When the water mains break

Local businesses demand compensation for thousands of dollars in damages

This restaurant on Ellice Avenue was closed for over three months as a result of the damage a broken water main caused in 2004. Laura Murdoch

Forget about Winnipeg’s roads. Many local businesses are now calling for the city to take a closer look underground.

Water mains – large underground pipes that deliver water to a resident’s service pipe – burst up to 700 times a year. That’s about two breaks a day in Winnipeg.

The breaks are caused by soil erosion underground and can flood whole streets and adjacent residences. Several Winnipeg restaurants have been forced to close entirely or have paid thousands in renovations because of the breaks.

Basil’s, a 32-year-old Osborne Village restaurant, had its interior severely damaged by a break in February 2008.

“Suddenly a huge explosion of water started gushing out of Osborne Street and seeping two feet high out of Basil’s doors,” recalled Ken Morissette, a bartender at Billabong, another Osborne Street restaurant.

“The city’s negligence caused that break and [the owner] wasn’t compensated in any way.”

In a 2008 report by the CBC, owner Basil Lagopoulos estimated damages at close to $1 million. He said the city should be held responsible.

The city, however, is not liable for damages. According to the City of Winnipeg Charter Act, it has no obligation to compensate for damages caused by water main breaks or any other malfunction of city infrastructure, unless damages are determined to be caused by the city’s negligence.

“Water main breaks are deemed to be an act of God,” said Bill Clement, city councillor for Charleswood-Tuxedo. “There is no way to predict them.”

Spokespeople from the city’s water and waste department maintain that water main breaks are unpredictable and regular repairs to them are permanent. Others remain skeptical, however.

“The fix is temporary because we [the city] simply don’t have the funds to completely renew the pipes,” said Harry Lazarenko, city councillor for the Mynarski Ward. “They break because of water mains built in the 1920s.”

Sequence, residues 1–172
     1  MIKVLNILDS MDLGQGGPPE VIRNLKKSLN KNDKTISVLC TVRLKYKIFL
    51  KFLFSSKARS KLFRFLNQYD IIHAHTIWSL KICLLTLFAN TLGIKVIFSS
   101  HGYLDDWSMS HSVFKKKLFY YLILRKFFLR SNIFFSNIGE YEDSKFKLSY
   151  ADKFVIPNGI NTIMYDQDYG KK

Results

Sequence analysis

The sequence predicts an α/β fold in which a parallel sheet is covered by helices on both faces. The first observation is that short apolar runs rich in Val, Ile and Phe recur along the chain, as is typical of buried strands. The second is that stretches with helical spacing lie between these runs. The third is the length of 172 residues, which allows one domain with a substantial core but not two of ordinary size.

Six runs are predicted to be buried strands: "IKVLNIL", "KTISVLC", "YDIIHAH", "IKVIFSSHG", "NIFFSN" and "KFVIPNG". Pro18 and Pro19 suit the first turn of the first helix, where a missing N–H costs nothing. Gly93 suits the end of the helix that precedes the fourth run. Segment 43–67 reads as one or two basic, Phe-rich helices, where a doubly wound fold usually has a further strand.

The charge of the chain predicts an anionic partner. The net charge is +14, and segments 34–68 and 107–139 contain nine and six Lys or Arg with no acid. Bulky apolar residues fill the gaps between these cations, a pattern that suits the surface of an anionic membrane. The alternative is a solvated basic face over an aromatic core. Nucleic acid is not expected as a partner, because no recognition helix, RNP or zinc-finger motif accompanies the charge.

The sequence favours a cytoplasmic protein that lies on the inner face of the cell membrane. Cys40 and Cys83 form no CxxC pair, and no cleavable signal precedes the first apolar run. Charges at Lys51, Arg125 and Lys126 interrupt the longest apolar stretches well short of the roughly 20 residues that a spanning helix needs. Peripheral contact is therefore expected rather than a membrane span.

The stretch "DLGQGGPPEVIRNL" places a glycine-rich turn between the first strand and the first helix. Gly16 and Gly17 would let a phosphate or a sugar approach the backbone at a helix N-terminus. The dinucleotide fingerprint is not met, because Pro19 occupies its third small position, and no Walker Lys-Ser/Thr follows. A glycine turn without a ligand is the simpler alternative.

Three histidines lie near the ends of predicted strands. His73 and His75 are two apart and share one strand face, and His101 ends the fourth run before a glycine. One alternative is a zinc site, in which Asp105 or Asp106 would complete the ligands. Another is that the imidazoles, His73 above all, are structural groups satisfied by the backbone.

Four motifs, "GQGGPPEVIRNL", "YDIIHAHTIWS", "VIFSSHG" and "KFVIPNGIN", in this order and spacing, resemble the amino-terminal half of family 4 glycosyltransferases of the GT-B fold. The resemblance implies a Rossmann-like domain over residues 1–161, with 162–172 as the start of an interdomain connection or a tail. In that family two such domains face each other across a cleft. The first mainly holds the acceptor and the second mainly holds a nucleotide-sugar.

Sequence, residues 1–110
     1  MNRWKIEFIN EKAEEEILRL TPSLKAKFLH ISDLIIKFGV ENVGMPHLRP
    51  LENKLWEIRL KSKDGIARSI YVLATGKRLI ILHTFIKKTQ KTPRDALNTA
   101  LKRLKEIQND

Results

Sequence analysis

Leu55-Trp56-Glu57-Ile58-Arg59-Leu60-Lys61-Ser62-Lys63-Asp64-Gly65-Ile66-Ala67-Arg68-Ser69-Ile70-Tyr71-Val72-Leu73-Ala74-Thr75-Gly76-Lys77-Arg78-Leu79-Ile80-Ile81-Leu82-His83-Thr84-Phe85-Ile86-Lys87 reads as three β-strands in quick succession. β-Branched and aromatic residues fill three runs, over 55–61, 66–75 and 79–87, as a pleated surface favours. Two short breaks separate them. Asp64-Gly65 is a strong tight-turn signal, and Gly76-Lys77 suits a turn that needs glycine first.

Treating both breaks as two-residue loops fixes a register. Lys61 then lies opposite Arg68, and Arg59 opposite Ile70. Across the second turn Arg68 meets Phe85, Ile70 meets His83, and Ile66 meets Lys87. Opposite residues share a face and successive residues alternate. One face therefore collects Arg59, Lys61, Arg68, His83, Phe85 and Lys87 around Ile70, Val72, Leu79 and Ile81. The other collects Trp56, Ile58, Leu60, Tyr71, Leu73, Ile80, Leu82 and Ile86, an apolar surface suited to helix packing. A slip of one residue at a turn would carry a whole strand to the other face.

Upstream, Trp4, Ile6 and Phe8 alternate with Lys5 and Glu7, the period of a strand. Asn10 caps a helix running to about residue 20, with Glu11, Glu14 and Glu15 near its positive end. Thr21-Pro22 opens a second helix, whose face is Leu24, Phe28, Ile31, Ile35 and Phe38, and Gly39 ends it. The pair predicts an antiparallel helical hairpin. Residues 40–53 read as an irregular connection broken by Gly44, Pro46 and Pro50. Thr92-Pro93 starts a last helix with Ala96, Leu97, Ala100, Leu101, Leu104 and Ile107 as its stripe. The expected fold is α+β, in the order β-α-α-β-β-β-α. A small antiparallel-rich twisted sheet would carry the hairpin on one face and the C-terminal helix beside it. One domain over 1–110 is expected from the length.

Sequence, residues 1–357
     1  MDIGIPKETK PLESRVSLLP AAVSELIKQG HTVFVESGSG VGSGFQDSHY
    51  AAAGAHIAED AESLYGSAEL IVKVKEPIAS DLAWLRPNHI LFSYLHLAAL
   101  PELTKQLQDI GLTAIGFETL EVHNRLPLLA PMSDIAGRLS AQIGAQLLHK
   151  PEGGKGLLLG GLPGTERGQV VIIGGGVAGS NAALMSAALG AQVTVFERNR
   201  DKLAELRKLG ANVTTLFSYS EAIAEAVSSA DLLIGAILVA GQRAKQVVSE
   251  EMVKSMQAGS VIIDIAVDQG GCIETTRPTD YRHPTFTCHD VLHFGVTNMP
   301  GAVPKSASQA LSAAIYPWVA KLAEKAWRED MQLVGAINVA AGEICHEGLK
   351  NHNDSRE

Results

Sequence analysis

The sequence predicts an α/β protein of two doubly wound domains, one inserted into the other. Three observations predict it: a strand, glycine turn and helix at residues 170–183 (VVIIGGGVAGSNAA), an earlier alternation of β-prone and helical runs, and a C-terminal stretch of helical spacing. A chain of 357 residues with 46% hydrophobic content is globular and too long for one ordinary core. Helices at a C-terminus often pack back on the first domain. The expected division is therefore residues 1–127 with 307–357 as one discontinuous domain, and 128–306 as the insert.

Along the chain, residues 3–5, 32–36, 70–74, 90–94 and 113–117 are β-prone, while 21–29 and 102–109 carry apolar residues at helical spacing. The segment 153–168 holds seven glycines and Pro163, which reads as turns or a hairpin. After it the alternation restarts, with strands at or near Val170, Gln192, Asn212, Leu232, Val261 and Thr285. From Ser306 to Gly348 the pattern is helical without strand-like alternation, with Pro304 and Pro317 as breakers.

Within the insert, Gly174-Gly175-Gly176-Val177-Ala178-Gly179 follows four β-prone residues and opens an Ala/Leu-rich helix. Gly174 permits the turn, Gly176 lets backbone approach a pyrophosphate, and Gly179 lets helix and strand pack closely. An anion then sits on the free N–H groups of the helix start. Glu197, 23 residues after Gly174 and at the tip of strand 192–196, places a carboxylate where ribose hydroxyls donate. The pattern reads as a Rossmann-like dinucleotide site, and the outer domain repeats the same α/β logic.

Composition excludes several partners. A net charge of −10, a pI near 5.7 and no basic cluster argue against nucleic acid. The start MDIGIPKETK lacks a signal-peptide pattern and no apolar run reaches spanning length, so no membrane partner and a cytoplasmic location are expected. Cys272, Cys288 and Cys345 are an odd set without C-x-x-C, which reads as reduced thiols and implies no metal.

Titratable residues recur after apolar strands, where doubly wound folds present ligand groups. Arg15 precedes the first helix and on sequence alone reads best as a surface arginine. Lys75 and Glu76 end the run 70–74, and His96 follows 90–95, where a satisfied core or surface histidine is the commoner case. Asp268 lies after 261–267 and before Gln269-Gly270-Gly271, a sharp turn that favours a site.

Of Winnipeg’s 2,466 km of water mains, approximately 250 km were installed before 1920. Most of these pipes are in older areas of the inner city or the south of Winnipeg.

While Basil’s remains closed for renovations, it isn’t the first inner-city or downtown restaurant to be hit by a water main break.

Sorrento’s Pizza was damaged by a break in 2004 that closed the Ellice Avenue restaurant for over three months. The break flooded the whole basement and part of the dining room. Damages were only partially covered by owner Brigida D’Ottavio’s insurance, costing her an estimated $60-70,000 in renovations.

“We got our business back eventually, but it did take a while,” said D’Ottavio.

A few doors down, Homer’s, another Ellice Avenue restaurant, was hit by the same break. Owner George Katsabanis was forced to close his doors for three months, with damages costing $50-60,000.

“No one from the city paid for the damage, and no one approached me about the damage,” he said, adding that no one seems to be accountable for any of the breaks or the damages from them.

Michelle Bailey, a communications officer from the City of Winnipeg speaking on behalf of the water and waste department, admitted inner-city pipes are more prone to rupture, but added that water mains with the largest frequency of breaks are targeted for complete replacement.

The city spends $4 million on water main repairs in a typical year. An average repair costs $4,000.

Published in Volume 64, Number 17 of The Uniter (January 28, 2010)

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